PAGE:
Keio University, Japan
In America, if someone told you they eat breakfast, lunch, and dinner from the gas station it was be more than mildly concerning. Overpriced, over processed foods like that are generally not part of a balanced diet. Now, if someone told me they eat all of their meals from a conbini (convenience store) in Japan, I would be less concerned. Convenience stores in Japan are probably the most diverse store a foreigner can utilized for multiple reasons.
Let’s start with food! When I first arrived in Japan, I was scared to eat out or go grocery shopping because I didn’t know what awaited me. The first conbini visit really helped this shy, scared, foreigner get in their three meals a day! Conbinis have packaged meals, beverages, snacks, pre-made hot foods, ice cream – basically everything a college student already eats right? But in comparison to an American convenience store, it’s much more ‘conbini-ent’, as the “snacks” weren’t all twinkies and cinnamon buns (as good as they are). The snacks included onigiri (rice balls), salads, hard boiled eggs, fruit, ect., all for reasonable prices. And, like Japan often does, it’s always fun to find your favourite snack with your favourite television show’s characters printed on the front!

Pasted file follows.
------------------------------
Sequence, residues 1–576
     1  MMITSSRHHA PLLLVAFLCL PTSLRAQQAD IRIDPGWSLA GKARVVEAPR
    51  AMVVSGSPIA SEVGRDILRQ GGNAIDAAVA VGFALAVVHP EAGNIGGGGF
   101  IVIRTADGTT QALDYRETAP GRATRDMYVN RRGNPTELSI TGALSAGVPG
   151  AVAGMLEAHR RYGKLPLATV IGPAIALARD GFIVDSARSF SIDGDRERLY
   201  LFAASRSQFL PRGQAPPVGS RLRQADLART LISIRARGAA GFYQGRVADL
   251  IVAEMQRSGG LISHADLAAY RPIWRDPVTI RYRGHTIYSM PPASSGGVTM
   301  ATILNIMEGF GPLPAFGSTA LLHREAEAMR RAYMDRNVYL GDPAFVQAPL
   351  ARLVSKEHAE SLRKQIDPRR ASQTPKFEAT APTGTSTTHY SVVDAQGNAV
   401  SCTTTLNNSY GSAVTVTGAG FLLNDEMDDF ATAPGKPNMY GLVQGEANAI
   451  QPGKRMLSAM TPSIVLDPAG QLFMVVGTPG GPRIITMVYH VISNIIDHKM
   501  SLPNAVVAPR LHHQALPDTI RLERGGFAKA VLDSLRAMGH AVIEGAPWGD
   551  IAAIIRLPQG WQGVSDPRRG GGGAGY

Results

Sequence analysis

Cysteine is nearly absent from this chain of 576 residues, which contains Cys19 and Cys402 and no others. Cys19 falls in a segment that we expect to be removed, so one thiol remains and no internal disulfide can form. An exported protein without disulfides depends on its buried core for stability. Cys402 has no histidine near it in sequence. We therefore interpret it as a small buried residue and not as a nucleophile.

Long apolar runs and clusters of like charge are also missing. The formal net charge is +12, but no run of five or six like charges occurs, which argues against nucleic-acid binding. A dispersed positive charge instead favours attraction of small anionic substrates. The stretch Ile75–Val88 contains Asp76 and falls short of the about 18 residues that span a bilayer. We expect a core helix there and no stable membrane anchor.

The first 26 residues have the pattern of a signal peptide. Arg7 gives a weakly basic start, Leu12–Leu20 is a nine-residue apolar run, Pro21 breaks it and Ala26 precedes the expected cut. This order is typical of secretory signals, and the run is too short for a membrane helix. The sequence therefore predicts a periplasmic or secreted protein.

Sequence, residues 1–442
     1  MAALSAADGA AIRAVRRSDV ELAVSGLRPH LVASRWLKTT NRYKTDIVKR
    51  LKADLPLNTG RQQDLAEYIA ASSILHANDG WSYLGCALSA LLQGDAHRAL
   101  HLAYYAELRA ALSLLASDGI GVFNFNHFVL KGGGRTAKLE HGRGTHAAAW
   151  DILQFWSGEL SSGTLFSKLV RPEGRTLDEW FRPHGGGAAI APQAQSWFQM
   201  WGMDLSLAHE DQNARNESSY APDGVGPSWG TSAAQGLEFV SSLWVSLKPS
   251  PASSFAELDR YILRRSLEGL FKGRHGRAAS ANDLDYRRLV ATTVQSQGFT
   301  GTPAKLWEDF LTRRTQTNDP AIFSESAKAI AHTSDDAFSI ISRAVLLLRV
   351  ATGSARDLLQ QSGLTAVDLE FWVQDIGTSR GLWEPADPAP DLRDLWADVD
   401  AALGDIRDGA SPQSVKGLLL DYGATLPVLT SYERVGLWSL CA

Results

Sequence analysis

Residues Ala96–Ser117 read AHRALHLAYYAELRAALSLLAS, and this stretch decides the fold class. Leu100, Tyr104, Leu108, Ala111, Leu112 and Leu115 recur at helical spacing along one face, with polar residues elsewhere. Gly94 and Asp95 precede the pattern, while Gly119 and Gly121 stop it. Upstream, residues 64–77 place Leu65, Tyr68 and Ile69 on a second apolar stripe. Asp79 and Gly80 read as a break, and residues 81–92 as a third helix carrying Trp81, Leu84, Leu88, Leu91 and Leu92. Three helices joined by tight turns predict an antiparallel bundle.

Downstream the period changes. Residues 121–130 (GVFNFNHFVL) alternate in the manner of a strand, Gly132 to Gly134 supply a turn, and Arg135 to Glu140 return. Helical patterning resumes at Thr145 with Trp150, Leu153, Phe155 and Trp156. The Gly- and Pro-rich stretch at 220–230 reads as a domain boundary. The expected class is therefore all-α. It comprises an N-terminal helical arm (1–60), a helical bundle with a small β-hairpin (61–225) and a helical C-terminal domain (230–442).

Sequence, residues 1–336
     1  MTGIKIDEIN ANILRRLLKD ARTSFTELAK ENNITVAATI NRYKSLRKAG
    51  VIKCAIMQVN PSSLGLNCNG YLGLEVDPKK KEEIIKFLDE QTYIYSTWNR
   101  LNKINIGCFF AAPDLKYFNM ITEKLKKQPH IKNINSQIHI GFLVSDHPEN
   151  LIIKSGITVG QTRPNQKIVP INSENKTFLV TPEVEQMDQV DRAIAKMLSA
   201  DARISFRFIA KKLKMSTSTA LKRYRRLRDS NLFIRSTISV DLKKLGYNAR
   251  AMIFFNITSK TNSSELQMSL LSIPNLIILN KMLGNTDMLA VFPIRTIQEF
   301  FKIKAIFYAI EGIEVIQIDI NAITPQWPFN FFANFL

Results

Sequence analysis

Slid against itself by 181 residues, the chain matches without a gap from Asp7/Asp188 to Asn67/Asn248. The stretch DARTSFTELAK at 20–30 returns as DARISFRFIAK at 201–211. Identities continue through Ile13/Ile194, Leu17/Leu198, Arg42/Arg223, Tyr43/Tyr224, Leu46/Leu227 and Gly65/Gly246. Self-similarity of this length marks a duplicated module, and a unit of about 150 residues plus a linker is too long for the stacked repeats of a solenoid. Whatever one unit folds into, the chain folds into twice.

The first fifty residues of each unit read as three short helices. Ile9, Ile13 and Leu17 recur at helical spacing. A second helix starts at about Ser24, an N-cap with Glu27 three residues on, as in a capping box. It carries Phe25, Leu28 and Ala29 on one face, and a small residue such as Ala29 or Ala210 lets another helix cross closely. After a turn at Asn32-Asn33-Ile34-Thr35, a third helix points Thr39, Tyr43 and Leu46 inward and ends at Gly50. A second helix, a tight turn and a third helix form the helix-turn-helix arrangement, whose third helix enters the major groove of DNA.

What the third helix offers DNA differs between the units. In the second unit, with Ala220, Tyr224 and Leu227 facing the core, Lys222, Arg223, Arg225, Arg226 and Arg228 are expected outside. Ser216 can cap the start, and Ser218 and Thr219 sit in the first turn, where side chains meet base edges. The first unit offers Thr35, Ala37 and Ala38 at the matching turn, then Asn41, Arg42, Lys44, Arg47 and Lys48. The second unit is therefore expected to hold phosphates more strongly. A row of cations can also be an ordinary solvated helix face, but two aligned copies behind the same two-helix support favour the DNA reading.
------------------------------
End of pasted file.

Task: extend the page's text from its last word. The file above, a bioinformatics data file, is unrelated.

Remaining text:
Conbinis also have other perks that were totally new concepts to me! At your local 7-11 or FamilyMart (the two most popular chains of conbini’s) you can withdraw money with your American debit card, pay your insurance, pick up Amazon packages, print things, and if you’re a stationary dork like me, hook yourself up with an array of nice markers.
So if you’re a nervous person like me and eating out is a big step for you, conbini’s will make that much easier on you as you adjust to Japanese life.